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Features of Gothic script

Features of Gothic script

Gothic letter — collection letter Latin handwritings of the middle ages. Appeared in the XI century, replacing the Carolingian uncial letter.

Since the beginning of the printing appeared inlaid Gothic fonts — famous Gutenberg Bible was typed variant textures. In Italy, the first printed book with Gothic letters appeared in 1473. (these were the works of H. de Torquemada and R. Caraccioli).

The name (from the “barbarian” people ready, in fact had nothing to do with this font) was proposed in the XV century figures of the Italian Renaissance, who considered such fonts are “barbaric” and Roman protivopostavlyalsya their writing. In the Romanesque and Eastern European countries, Western Christian, Roman type was adopted immediately, however, the German peoples (and peoples under the cultural domination of the latter — the Finns, Estonians, Latvians, and so D.) for the same reasons, began to be applied Fraktur (a type of Gothic script), with fractures clearly were opposed to the serif font as a different system of writing and has never been used for writing in languages where the Gothic letter was not accepted (for example, German-Latin, German-French or German-Czech texts (dictionaries, bilingual or Glossa) written in Fraktur to Antiqua and German for Latin, French or Czech). In further rejection of the fracture was associated in part of the bourgeois revolutions — the Dutch refused to fracture during the Dutch revolution, the English and the Scots during the English revolution, the Swedes during the “era of freedom” in the middle of the XVIII century, in Norway and Denmark fractures until the late nineteenth century, in Germany until the mid-twentieth century, although antique has been actively used since the late nineteenth century.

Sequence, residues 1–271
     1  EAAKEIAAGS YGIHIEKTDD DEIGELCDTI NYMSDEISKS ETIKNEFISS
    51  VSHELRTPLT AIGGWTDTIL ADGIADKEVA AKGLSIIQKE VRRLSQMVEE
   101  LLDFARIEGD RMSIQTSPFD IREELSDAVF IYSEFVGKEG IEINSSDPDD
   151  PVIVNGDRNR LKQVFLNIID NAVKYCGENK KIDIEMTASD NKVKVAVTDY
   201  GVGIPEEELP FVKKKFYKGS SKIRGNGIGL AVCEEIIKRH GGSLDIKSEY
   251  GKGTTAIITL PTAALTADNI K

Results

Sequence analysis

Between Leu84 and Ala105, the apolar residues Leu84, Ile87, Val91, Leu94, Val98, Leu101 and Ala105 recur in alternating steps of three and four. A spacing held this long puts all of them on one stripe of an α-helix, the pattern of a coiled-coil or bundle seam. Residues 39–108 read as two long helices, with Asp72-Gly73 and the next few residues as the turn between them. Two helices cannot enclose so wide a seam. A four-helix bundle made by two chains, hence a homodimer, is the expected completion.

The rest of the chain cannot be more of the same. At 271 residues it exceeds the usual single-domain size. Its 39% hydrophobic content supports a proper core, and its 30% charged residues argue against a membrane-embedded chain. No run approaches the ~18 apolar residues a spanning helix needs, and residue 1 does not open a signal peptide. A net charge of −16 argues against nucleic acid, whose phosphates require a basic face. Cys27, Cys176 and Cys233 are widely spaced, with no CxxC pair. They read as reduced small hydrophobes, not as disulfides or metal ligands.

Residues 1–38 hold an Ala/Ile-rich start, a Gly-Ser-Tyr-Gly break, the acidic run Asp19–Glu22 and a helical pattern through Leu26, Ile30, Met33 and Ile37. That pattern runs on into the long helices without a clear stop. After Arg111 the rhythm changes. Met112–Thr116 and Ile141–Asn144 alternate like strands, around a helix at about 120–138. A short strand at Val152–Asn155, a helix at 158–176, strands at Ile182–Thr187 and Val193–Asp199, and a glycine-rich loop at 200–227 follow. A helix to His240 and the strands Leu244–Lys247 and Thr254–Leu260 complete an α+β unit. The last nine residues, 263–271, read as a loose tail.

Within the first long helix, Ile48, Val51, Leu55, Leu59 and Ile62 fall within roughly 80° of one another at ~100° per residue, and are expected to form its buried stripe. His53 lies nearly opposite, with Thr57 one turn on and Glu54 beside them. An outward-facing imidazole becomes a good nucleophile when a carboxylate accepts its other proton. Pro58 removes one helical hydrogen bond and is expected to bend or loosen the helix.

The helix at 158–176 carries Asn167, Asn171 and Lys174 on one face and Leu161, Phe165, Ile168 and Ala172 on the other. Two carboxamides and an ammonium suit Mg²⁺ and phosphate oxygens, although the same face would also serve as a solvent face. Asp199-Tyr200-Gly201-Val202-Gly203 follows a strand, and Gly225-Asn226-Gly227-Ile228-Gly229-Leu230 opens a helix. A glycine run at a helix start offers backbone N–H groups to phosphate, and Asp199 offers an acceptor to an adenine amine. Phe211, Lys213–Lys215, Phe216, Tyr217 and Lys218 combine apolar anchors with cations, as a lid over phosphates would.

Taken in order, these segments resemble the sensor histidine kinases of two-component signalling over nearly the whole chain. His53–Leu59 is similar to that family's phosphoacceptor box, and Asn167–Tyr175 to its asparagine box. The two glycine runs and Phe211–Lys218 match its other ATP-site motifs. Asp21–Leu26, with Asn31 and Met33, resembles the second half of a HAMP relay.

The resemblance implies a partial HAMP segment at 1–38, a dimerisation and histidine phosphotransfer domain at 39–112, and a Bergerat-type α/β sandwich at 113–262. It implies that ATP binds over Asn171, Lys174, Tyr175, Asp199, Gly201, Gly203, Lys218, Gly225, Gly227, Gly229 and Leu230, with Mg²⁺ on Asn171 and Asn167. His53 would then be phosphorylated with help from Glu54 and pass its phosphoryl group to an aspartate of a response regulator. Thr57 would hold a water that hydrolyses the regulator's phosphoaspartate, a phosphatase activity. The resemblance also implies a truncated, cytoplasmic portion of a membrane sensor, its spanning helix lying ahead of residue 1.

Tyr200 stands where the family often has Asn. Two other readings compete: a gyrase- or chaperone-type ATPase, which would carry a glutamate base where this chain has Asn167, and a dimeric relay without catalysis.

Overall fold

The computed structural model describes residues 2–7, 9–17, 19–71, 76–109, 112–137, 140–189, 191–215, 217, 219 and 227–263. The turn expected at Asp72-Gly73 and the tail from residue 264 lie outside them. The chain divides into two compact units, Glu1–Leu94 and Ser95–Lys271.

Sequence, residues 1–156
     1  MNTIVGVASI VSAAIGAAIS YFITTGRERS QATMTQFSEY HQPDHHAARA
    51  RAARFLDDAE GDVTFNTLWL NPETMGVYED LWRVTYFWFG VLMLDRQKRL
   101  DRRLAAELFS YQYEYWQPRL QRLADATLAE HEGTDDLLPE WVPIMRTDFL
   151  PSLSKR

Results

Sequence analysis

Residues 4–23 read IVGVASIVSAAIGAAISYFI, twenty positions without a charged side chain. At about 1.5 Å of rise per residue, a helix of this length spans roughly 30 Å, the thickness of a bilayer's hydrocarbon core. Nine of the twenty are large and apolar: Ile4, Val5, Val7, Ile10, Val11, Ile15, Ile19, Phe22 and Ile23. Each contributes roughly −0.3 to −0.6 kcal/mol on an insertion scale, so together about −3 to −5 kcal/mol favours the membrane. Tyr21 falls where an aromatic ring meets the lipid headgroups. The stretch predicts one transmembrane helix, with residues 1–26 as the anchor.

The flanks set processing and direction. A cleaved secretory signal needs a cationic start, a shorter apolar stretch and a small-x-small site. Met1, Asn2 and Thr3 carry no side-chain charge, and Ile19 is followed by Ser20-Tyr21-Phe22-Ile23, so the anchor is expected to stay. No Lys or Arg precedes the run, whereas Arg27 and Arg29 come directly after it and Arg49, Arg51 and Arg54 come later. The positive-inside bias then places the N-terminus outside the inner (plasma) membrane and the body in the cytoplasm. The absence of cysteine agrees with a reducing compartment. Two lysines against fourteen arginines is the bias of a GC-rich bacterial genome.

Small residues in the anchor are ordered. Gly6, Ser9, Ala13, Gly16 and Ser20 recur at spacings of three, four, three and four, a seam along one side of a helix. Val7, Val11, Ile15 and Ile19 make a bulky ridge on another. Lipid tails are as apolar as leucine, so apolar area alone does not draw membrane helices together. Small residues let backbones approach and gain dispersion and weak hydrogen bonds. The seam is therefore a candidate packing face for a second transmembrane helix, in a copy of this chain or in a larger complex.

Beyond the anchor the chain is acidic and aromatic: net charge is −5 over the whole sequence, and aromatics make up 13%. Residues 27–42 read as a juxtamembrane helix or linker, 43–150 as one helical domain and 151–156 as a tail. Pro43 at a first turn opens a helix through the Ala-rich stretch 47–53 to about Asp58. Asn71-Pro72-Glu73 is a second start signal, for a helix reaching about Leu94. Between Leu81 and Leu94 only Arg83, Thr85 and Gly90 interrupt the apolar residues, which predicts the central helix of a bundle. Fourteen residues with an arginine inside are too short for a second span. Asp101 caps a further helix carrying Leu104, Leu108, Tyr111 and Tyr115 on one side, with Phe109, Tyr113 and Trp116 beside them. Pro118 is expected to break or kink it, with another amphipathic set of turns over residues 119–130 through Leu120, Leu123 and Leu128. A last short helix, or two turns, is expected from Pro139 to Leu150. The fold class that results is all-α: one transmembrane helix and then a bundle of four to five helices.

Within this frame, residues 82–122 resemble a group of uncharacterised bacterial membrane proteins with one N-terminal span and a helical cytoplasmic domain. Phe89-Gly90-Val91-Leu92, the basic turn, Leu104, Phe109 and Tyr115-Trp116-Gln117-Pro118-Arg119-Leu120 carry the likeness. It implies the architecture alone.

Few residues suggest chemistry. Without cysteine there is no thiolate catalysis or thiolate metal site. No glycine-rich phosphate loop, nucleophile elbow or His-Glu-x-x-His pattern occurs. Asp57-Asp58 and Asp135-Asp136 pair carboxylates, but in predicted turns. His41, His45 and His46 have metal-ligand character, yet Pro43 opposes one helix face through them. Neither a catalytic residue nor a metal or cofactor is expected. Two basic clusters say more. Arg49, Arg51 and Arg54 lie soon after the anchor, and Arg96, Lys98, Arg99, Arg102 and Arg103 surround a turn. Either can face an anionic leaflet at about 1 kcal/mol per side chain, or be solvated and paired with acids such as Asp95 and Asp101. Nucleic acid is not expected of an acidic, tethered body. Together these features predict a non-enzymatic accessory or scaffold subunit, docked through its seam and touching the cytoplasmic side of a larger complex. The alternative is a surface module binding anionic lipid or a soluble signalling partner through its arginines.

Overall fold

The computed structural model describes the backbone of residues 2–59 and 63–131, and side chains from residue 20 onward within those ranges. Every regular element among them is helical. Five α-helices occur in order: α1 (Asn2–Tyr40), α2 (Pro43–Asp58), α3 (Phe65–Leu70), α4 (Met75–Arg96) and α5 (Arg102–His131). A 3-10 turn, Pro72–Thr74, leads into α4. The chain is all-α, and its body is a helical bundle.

From the sixteenth century Gothic letter were gradually replaced by fonts on the basis of the Romain du ROI, close to the modern; for the longest time (until 1918 and partly to 1945) Gothic continued in Germany and in Latvia (the Latvian language officially was translated from blackletter to Antiqua in 1926, and German editions in Latvia and Estonia continued to be printed in Gothic letters and then). Gothic fonts were widely used in Germany until the beginning of XX century, but were banned during the Third Reich in 1941. Now the fonts based on the Gothic font used for decorative purposes, and also for some mathematical symbols.

General view of Gothic symbols is determined by using as a writing instrument goose feathers, cut on the diagonal. The writing edge in most cases at an angle of 45° to the baseline of the row. The letters are very tight, and mistrikova width of intervals is equal to the width of the strokes — this is due to the need to conserve expensive parchment (hence the English name letter Gothic — Blackletter). Extensive use of ligatures and abbreviations.

 

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